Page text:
Kansas Department of Health & Environment

Kansas Family Medical Assistance

Manual (KFMAM)

Eligibility Policy - 12/5/2021

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1409 Signature Requirement - As noted in 1403, an application must be signed to be considered a valid request for assistance. The signature must be both valid (see 1403.06) and acceptable. An acceptable signature is one which meets the following requirements.

1409.01 Paper Applications - Any mark or sign made by the person signing the application with the intent to represent the identity of that person is acceptable. This includes handwritten (wet), typed (mechanical), stamped, and scanned signatures. A handwritten signature does not have to be legible to be acceptable. If the person is marking the application with an “X” (or other symbol) because they are unable to sign their name due to illiteracy or disability, the signature of two (2) witnesses to validate the identity of the person making the mark is required.

1409.02 Online Applications - In general the applicant (or applicant’s representative authorized to act on behalf of the applicant) should type his/her full name on the application, which constitutes a valid and acceptable signature. However, when less than the applicant’s (or authorized representative’s) full name appears, the following provisions apply.

1. Acceptable – Using the prudent person concept described in 1300, if the signature submitted on the application provides enough evidence to reasonably identify the signer as the applicant (or authorized representative), the signature is considered acceptable. Examples of acceptable signatures include (but are not limited to) the use of initials, nicknames, or partial names associated with that person instead of his/her legal name, if as long as the identity of the signer can reasonably be discerned from the signature.

2. Not Acceptable – If the signature provided on the application does not provide enough evidence to reasonably identify the signer as the applicant (or authorized representative), the signature is considered unacceptable. Examples of unacceptable signatures include (but are not limited to) partial names or nicknames not normally associated with the person’s formal name, an indecipherable combination of letters and/or numbers, or a name totally disassociated from the applicant.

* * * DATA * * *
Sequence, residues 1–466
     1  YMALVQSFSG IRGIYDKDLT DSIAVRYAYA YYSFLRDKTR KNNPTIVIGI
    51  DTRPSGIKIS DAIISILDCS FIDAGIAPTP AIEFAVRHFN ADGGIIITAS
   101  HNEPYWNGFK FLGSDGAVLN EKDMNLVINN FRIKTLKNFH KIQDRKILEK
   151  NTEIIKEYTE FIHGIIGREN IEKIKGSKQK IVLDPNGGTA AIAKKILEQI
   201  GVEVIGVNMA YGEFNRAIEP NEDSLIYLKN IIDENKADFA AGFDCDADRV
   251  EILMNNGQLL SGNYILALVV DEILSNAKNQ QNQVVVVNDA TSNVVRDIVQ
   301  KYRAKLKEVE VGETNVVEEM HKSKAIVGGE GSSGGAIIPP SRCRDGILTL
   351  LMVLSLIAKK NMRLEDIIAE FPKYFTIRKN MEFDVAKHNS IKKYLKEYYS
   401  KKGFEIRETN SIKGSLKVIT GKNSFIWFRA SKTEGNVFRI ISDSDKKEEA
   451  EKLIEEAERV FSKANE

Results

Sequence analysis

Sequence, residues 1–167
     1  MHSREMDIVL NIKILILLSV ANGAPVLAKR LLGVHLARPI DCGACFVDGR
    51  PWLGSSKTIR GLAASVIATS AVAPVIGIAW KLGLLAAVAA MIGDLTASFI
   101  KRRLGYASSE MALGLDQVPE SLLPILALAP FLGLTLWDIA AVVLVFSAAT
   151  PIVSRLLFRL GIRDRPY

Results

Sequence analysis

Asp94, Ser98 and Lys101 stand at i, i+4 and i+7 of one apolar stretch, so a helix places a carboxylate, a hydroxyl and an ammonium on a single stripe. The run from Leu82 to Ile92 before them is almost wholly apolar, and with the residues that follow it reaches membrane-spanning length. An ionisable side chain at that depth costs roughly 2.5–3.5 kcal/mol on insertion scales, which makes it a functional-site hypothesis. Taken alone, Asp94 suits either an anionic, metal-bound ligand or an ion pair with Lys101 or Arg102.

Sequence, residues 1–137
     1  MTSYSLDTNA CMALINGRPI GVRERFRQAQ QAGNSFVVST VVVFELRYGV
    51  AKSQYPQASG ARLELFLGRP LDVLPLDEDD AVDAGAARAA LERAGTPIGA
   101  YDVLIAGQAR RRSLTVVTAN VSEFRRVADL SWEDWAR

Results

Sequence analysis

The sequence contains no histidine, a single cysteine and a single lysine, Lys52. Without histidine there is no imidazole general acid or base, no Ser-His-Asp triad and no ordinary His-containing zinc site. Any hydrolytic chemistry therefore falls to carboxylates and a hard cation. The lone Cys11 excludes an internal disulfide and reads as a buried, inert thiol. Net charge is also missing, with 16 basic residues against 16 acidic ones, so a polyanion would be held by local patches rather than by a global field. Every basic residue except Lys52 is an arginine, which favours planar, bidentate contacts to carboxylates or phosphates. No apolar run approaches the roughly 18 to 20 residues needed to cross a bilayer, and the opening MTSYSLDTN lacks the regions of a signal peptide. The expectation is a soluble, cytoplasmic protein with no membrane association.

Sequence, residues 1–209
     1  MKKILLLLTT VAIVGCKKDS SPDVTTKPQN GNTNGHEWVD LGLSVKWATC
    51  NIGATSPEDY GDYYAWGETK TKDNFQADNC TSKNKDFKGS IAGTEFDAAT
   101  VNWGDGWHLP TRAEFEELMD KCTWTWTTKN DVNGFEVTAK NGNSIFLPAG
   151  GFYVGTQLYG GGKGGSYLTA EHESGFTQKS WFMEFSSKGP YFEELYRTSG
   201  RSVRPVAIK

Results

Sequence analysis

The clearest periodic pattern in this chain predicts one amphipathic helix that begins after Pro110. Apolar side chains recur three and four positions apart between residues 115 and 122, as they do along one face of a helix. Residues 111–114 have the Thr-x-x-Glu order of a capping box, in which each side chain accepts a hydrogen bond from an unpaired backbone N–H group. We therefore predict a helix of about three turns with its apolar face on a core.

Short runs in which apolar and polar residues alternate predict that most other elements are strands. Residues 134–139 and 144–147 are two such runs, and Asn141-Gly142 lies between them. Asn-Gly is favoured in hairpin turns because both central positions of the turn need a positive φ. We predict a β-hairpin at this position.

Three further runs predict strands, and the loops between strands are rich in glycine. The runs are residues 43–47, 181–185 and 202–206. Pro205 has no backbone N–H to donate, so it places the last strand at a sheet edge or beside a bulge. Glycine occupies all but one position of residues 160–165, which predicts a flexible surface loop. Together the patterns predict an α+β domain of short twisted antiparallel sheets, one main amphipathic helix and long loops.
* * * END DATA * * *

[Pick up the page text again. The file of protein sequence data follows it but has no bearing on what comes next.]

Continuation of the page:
When the signature has been determined to be unacceptable, an attempt to contact the applicant should be made to confirm the identity of the person who signed the application. If it is confirmed that the applicant (or authorized representative) signed the application, the signature shall be considered acceptable.

1409.03 Telephonic Applications - A person applying telephonically shall be required to verbally certify, under penalty of perjury, that they understand the questions and statements read to them, and that the answers are correct and complete to the best of their knowledge. To complete the telephonic signature, the applicant will be required to state their full legal name. That statement will be recorded and attached to the case as a permanent record.

Based on this process, the verbal signature shall always be deemed to be acceptable. However, if it is later verified that the person who provided the verbal signature was not the applicant (or authorized representative), the signature is considered to be a forgery, and thus an invalid signature (see 1403.06).

1409.04 Unacceptable Application - If the application does not contain an acceptable signature, follow the process described in 1403.06 for invalid signatures.

Note: While the applicant (or authorized representative) is directed to both sign and date the application, failure to date the application (or provide an incorrect date) does not invalid the signature or the application. As long as an acceptable signature has been provided, the signature requirement has been met. See also 1409.

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